Danielle Tepper had always loved dolphins. When she went on vacation to Hawaii, she knew she had to see them firsthand. Tepper—now a senior editor at the Humane Society of the United States—wanted to do it ethically, so she avoided captive dolphin attractions. Instead, she booked an excursion to swim with wild spinner dolphins. It wasn’t until years later, while working at the HSUS and editing an action alert on spinner dolphin attractions, that she realized her experience was inhumane.
Tepper’s story is common: Many people are drawn to animal attractions out of a love for animals but end up inadvertently supporting cruelty. Even with good intentions, it’s difficult to tell an inhumane operation from an ethical one.
Inhumane animal attractions come in many forms and involve a plethora of species, from cub petting attractions to unethical safari operators who disturb wild animals. All too often, animals suffer physical and psychological distress for human entertainment.
Travelers in the U.S. are most likely to encounter roadside zoos. Unlike facilities accredited by the Association of Zoos and Aquariums, roadside zoos are not required to abide by professionally accepted standards of care.
One notorious example is Natural Bridge Zoo in Virginia. A 2014 HSUS undercover investigation documented shocking abuses, including mother monkeys fiercely protecting their young as staff separated them, tiger cubs deprived of food so they would be hungry for bottle-feeding photo sessions and a pregnant giraffe who was found dead in her cage.
The HSUS provided evidence from the investigation to authorities. It wasn’t until nearly six years later that the U.S. Department of Agriculture fined the zoo just $41,500. The fine is substantial by USDA standards but is still not enough to deter cruelty, says Debbie Leahy, an HSUS senior strategist for captive wildlife.
Lack of enforcement and weak penalties are pervasive problems. Exploitative animal attractions can easily pay meager fines and continue business as usual. “The Animal Welfare Act is blatantly weak and vague, and the USDA is notoriously lax at enforcing it,” says Lisa Wathne, an HSUS senior strategist for captive wildlife.
It’s hidden from the public: the bad behaviors, the injuries and animals who are left lost and suffering in the back buildings.
Whitney Teamus, The HSUS
Inhumane attractions often deceive visitors into believing they are helping animals. They may market themselves as “sanctuaries” or “refuges” and tell the public they are contributing to conservation efforts by breeding endangered species. But animals bred in these facilities will never be released to the wild; they are bred solely for entertainment and profit, says Wathne.
Visitors “are blinded by being able to hold a baby tiger,” says Wathne. “It’s hard when you put animals in front of people for them to take in any other kind of information.”
Whitney Teamus, HSUS investigations manager, went undercover at Natural Bridge Zoo and saw the problems firsthand. But she does not blame visitors for wanting to interact with wild animals. “It’s not the public’s fault,” Teamus says. “It’s hidden from the public: the bad behaviors, the injuries and animals who are left lost and suffering in the back buildings.”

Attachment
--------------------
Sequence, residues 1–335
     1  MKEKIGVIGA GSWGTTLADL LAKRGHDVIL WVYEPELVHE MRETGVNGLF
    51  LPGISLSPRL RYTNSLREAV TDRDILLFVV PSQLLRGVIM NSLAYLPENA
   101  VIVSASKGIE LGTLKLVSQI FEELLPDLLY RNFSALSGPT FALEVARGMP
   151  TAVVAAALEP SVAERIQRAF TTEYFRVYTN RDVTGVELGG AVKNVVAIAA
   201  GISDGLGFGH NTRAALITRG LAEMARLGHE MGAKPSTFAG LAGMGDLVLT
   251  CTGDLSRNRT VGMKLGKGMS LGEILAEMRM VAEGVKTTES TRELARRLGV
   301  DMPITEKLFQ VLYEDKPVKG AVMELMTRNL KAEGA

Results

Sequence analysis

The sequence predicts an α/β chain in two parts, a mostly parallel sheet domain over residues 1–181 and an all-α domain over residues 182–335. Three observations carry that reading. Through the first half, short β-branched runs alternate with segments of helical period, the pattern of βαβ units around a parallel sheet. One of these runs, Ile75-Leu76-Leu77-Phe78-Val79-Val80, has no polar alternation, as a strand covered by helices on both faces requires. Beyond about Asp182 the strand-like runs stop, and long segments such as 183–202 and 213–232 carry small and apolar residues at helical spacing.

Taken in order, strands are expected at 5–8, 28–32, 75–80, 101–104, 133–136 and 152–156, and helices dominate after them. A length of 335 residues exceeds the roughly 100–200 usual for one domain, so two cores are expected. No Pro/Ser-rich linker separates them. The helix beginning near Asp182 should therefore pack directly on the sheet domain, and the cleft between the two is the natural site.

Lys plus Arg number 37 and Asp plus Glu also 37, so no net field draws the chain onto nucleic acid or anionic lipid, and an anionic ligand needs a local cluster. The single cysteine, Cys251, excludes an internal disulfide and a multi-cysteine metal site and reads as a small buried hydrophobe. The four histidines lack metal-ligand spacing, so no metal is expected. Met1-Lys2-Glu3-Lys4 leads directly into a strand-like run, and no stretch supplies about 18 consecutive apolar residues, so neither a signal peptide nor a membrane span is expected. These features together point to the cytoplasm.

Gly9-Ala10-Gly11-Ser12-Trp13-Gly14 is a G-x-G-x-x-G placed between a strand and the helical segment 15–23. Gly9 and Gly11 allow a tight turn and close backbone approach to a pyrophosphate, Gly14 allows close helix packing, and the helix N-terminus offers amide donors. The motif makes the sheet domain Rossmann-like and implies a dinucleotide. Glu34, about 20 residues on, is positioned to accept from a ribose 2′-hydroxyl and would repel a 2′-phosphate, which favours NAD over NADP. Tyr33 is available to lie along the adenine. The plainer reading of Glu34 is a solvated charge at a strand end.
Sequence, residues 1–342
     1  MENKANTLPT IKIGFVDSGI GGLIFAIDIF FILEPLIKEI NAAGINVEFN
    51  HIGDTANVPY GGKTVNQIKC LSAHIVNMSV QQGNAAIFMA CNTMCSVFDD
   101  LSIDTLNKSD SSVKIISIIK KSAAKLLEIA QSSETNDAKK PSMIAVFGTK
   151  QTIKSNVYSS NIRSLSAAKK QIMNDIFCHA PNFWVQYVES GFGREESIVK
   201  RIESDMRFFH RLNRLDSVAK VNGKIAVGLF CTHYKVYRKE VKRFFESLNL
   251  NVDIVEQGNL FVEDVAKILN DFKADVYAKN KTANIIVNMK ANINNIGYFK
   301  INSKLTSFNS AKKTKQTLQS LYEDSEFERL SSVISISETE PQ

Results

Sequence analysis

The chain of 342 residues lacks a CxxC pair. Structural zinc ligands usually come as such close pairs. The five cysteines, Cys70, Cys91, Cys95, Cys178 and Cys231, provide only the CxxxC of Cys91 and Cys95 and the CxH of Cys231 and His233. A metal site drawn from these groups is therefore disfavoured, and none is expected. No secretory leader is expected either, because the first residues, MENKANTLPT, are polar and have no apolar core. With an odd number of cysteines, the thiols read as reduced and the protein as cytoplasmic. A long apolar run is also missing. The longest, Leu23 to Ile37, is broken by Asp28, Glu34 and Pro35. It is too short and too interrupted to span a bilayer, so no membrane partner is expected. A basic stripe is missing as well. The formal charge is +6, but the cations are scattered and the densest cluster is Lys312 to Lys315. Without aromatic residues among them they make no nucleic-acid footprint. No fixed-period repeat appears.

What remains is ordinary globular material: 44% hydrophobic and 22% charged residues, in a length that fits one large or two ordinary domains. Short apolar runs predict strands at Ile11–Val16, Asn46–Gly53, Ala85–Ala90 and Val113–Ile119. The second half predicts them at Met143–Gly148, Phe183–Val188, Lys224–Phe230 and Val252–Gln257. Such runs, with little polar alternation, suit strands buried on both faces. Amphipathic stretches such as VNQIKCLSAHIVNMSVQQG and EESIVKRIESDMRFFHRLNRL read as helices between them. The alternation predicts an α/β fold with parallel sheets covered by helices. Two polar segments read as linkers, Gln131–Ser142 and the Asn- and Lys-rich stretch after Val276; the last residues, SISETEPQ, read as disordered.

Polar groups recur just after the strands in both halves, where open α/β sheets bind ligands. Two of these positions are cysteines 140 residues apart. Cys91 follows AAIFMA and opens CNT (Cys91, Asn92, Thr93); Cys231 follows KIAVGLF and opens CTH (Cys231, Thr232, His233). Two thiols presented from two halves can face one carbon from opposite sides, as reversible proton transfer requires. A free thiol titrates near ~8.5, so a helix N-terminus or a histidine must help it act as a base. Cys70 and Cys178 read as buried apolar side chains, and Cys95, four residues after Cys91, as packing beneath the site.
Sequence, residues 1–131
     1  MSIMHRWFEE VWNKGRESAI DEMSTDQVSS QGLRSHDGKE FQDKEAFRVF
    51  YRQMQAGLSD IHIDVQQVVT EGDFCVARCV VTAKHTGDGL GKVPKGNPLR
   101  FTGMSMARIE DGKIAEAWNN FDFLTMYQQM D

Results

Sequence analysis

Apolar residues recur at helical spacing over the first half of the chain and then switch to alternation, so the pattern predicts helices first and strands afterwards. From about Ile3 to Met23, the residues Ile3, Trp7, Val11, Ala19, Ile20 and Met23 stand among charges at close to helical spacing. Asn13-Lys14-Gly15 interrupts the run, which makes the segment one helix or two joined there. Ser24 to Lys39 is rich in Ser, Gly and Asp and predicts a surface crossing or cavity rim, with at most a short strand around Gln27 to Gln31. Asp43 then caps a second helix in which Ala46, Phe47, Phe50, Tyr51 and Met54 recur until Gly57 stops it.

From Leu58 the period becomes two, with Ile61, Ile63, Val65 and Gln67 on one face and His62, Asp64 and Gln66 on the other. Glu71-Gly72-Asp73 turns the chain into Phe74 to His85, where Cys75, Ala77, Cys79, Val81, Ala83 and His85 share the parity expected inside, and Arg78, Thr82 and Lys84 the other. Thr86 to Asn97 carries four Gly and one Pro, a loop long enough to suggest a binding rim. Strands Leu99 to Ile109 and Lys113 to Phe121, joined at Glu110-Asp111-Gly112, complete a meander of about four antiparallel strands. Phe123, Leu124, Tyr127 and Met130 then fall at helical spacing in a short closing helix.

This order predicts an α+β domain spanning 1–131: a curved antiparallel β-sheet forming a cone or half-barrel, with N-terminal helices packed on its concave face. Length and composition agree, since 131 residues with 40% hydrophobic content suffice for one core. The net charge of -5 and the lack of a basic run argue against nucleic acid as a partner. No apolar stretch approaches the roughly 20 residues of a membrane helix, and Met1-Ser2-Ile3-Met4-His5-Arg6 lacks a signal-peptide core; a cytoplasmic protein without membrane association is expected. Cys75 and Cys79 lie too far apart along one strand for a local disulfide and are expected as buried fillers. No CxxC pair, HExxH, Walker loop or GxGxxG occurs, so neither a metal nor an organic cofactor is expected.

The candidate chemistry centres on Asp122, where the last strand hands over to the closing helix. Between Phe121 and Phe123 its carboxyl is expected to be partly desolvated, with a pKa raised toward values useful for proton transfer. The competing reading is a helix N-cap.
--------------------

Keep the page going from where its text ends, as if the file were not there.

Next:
Travelers want that once-in-a-lifetime experience without feeling guilty. So it’s tempting to take facilities at their word when they say they are helping animals. But visitors need to conduct their own research before giving money to an animal attraction.
A simple rule is to avoid any place that offers direct interactions with wild animals. But beyond that principle is a lot of gray area. Even attractions that let tourists observe wild animals from a distance may cause suffering. Visitor overcrowding can harm animals’ physical and psychological health, in turn hurting their ability to protect themselves, reproduce and raise their young. The effects of human disturbance can be subtle and difficult for the average traveler to detect. And the public may observe wild animals grazing in open pastures at drive-through parks without realizing that many of these facilities sell surplus animals to hunting ranches.
While snorkeling with spinner dolphins, Tepper did not notice any red flags: The tour operator told snorkelers not to touch the dolphins, and the animals seemed unbothered by their presence.
If she hadn’t started a job in animal welfare, she might have never learned the truth. “You really need to scrutinize what you're doing to make sure it's as humane as you think it is,” says Tepper.
Spinner dolphins are nocturnal, feeding at night and resting in coves during the day. Since the dolphins keep half their brain “on” during the day, they still swim and come to the surface to breathe, and it’s not always obvious that they are resting. Some signs of stress—such as elevated heart rate and increased watchfulness—are not apparent to visitors, and other signs—such as leaping and spinning—might be misconstrued as playfulness. Stressed dolphins might even leave the safety of the cove, making them more susceptible to predators.
“You’re essentially going into their bedroom and saying, ‘entertain me,’ and it’s not respectful,” says Sharon Young, HSUS senior strategist for marine issues. “You’re asking the animal to behave in a way he would never behave normally.”
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